I Am Visited by an Editor and a Poet

By Charles Bukowski 1920–1994 Charles Bukowski
I had just won $115 from the headshakers and
was naked upon my bed
listening to an opera by one of the Italians
and had just gotten rid of a very loose lady
when there was a knock upon the wood,
and since the cops had just raided a month or so ago,
I screamed out rather on edge—
who the hell is it? what you want, man?
I’m your publisher! somebody screamed back,
and I hollered, I don’t have a publisher,
try the place next door, and he screamed back,
you’re Charles Bukowski, aren’t you? and I got up and
peeked through the iron grill to make sure it wasn’t a cop,
and I placed a robe upon my nakedness,
kicked a beercan out of the way and bade them enter,
an editor and a poet.
only one would drink a beer (the editor)
so I drank two for the poet and one for myself
and they sat there sweating and watching me
and I sat there trying to explain
that I wasn’t really a poet in the ordinary sense,
I told them about the stockyards and the slaughterhouse
and the racetracks and the conditions of some of our jails,
and the editor suddenly pulled five magazines out of a portfolio
and tossed them in between the beercans
and we talked about Flowers of Evil, Rimbaud, Villon,
and what some of the modern poets looked like:
J.B. May and Wolf the Hedley are very immaculate, clean fingernails, etc.;
I apologized for the beercans, my beard, and everything on the floor
and pretty soon everybody was yawning
and the editor suddenly stood up and I said,
are you leaving?
and then the editor and the poet were walking out the door,
and then I thought well hell they might not have liked
what they saw
but I’m not selling beercans and Italian opera and
torn stockings under the bed and dirty fingernails,
I’m selling rhyme and life and line,
and I walked over and cracked a new can of beer
and I looked at the five magazines with my name on the cover
and wondered what it meant,
wondered if we are writing poetry or all huddling in
one big tent
                  clasping assholes.

"I am Visited by an Editor and a Poet" by Charles Bukowski, from The Roominghouse Madrigals: Early Selected Poems 1946-1966. Copyright © 1960, 1962, 1963, 1965, 1968, 1988 by Charles Bukowski. Used by permission of HarperCollins Publishers, www.harpercollins.com.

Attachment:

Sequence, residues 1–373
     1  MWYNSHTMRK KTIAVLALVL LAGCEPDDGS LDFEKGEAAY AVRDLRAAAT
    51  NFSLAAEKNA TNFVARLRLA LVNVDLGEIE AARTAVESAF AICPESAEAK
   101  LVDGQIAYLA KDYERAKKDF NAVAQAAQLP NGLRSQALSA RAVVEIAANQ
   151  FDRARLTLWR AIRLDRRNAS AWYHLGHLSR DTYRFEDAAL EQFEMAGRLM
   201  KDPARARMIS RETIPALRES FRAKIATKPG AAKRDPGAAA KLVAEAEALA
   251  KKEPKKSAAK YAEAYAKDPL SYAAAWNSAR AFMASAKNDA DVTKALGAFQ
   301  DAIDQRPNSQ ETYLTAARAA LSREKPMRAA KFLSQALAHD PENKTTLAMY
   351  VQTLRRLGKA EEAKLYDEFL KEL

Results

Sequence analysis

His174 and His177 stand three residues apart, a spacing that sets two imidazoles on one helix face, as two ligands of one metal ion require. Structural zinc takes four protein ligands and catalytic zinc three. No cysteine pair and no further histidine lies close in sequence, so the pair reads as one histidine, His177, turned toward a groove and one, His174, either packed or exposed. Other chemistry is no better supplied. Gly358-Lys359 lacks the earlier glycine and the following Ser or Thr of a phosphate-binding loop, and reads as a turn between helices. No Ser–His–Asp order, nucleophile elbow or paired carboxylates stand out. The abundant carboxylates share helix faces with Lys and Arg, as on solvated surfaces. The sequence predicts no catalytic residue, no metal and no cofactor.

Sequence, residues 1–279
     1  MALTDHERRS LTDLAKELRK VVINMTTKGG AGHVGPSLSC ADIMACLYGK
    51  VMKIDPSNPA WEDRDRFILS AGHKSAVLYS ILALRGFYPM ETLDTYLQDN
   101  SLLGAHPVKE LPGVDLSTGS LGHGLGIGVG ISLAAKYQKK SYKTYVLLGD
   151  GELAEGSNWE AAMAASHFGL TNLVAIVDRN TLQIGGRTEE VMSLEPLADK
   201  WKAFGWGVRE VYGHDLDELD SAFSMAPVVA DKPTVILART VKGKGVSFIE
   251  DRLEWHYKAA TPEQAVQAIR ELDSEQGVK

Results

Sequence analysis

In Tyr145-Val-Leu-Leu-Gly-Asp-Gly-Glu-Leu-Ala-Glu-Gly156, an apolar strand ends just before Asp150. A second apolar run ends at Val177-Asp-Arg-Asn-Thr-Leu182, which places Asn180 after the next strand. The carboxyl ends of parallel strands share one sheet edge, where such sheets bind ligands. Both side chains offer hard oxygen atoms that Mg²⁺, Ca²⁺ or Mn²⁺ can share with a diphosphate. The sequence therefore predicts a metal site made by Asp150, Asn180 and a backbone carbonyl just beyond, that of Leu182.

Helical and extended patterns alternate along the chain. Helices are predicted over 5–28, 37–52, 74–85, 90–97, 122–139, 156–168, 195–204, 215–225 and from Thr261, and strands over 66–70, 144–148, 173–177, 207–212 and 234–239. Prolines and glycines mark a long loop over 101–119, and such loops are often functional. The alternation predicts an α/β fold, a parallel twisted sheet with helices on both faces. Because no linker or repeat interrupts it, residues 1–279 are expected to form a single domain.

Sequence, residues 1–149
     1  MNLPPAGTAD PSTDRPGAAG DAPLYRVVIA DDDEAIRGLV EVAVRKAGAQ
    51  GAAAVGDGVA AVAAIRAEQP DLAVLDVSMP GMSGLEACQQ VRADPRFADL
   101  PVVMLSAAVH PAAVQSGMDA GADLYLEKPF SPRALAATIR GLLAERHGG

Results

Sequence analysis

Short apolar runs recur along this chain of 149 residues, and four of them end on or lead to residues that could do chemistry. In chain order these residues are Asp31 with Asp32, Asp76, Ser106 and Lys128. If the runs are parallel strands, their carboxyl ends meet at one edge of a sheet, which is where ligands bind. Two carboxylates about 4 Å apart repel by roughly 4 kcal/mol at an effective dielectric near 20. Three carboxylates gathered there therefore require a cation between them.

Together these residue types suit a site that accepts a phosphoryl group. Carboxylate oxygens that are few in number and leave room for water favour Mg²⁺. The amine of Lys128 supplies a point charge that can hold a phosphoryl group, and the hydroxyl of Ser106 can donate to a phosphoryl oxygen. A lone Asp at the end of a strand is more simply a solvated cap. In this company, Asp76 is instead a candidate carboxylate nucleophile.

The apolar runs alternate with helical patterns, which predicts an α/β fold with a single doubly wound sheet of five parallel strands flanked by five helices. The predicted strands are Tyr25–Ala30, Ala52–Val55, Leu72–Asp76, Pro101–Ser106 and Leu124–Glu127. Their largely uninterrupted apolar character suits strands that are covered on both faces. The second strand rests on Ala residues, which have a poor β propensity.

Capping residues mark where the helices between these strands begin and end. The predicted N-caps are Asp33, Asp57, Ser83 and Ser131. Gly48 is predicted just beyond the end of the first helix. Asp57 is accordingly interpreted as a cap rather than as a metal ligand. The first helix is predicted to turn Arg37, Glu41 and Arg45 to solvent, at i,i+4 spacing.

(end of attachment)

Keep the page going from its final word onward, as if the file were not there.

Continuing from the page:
Source: The Roominghouse Madrigals: Early Selected Poems 1946-1966 (Black Sparrow Press, 1988)

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Poet Charles Bukowski 1920–1994

POET’S REGION U.S., Western

Subjects Activities, Poetry & Poets, Humor & Satire, Arts & Sciences, Eating & Drinking

Poetic Terms Free Verse

 Charles  Bukowski

Biography

Charles Bukowski was a prolific underground writer who used his his poetry and prose to depict the depravity of urban life and the downtrodden in American society. A cult hero, Bukowski relied on experience, emotion, and imagination in his work, using direct language and violent and sexual imagery. While some critics found his style offensive, others claimed that Bukowski satirized the machismo attitude through his routine use . . .

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Poem Categorization

SUBJECT Activities, Poetry & Poets, Humor & Satire, Arts & Sciences, Eating & Drinking

POET’S REGION U.S., Western

Poetic Terms Free Verse

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Originally appeared in Poetry magazine.

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